Fifteen years ago today, September 11, 2001, a day which ever since we simply call 9/11, we saw that the oceans could no longer protect us.  

The following Sunday, we worshipped as usual.  We recited Psalm 46 and sang the hymn Luther took from it – “A Mighty Fortress Is Our God.”  At the time, we were on a journey through the life of Joseph in Genesis. The sermon theme that day was “No Doubtful Witness.”  We could not know then the good, the bad and the ugly that would follow in the next 15 years.  But here is a look back at a portion of that sermon from 2001:

There are times in our lives when the earth seems to move beneath our feet, when all the usual supports are gone, when forces larger than ourselves are like mountains hurled into the midst of the sea, when all the world comes crashing down around our heads.    Who has not felt that way this week?  One can see the ground giving way in Joseph’s life too as things go from bad to worse.  We have taken note of the inspired writer’s refrain:  ‘The Lord was with Joseph.’  But Joseph himself could have argued against that.  His valiant stabs at goodness have brought him nothing but grief.  He interprets a dream to his brothers and they throw him into a cistern – then sell him into slavery in the land of Egypt.  He resists the lusty advances of his master’s unfaithful wife and he ends up framed and imprisoned.  In this chapter, he interprets another dream for a cell mate and the cell mate promptly forgets about him.  Joseph could have argued:  ‘God is unfair.  God has forgotten.  God does not care.’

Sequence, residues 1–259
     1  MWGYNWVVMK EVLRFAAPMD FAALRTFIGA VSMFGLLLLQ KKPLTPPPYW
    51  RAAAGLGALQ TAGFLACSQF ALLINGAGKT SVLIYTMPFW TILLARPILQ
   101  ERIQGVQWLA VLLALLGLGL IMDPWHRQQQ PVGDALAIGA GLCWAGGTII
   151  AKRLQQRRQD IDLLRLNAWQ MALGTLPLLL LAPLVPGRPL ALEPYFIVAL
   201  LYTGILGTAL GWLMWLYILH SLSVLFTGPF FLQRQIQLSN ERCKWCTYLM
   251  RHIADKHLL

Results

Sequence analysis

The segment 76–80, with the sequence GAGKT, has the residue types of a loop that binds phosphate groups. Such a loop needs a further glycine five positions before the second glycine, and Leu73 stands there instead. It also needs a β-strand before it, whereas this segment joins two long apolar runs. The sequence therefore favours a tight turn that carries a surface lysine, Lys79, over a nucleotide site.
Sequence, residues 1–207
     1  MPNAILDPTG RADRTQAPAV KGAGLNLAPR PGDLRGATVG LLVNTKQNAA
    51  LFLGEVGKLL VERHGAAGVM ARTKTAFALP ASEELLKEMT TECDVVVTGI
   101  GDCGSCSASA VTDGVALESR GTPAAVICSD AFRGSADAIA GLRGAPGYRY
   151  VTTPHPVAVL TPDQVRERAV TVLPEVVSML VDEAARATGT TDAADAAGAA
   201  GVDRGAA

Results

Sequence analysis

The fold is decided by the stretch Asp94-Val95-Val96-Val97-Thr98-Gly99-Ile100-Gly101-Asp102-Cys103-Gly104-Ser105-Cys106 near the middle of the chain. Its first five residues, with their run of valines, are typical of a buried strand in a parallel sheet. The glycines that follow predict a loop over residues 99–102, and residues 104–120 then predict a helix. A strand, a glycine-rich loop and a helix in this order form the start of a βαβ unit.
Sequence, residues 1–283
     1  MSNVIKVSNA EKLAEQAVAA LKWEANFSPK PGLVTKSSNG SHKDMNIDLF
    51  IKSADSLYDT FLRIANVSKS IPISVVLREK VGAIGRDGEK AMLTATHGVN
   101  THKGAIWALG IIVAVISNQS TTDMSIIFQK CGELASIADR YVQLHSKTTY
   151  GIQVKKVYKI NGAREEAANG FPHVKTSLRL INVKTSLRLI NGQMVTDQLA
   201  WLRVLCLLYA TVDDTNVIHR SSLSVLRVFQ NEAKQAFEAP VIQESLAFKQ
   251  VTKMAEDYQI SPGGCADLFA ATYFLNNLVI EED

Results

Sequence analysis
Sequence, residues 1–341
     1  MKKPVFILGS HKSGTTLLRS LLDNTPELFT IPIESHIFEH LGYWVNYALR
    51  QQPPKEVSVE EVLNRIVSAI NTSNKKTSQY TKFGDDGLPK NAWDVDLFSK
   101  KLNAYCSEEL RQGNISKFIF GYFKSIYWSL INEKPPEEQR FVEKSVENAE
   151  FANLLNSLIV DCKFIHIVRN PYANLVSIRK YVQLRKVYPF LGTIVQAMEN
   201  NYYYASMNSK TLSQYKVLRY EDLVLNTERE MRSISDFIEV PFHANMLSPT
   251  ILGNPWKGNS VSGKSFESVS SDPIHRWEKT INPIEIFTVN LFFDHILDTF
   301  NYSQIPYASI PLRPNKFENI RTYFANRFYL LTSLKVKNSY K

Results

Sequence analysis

But it is because Joseph really believes that God is mapping out the details of his life that, even in Pharaoh’s dungeon, he can give ‘no doubtful witness’  that he belongs to the Lord.  It is because ‘the Lord Almighty is with us,’ and ‘the God of Jacob is our fortress’ even when ‘the earth gives way’ in New York or Washington or in our own private lives, that we can render ‘no doubtful witness’ that we are the Lord’s…      God says in Isaiah,  ‘Though the mountains be shaken and the hills be removed, yet My unfailing love for you will not be shaken, nor My covenant of peace be removed, says the Lord, who has compassion on you…’  

God spoke these words about mountains being shaken and hills being removed to His Old Testament people who would face the end of life as they knew it.  They would see their national landmark – the temple of Solomon – in flames – its walls crumbling into dust – the bodies of little children littering the ground – their leaders led off in chains as prisoners of war to far-off Babylon.  Life as they knew it would never be the same.  Things they thought would always be there were suddenly gone.  Sometimes mountains get shaken.  Hills get removed…You who saw the tape played over and over again of two 110 story buildings collapsing into a heap of rubble – and the center of our nation’s military power on fire – who saw the rivers of tears and the avalanche of anger across our land – you know that sometimes mountains get shaken – hills get removed.

But listen to what God says:  ‘Yet My unfailing love for you will not be shaken, nor My covenant of peace be removed.’  The mountains can be shaken, famous buildings can be blown to bits.  Dark forces can take your home, your money, your family, even your life.  Things you always thought would or should be there may be gone.  But the unfailing love of God for poor lost sinners in the shape of a cross can never be shaken.  The peace which comes from sin forgiven can never be removed.  Older than the mountains, deeper than their roots, wider than the heavens, stronger than all my sin and guilt, is the love of Christ whose nail-pierced hands will never let me go.  Like Joseph in the land of the ancient Pharaohs, let us give no doubtful witness to our countrymen that we are the Lord’s.   Truly, only by this gospel of Christ shall God bless us and shall God bless America!   Amen.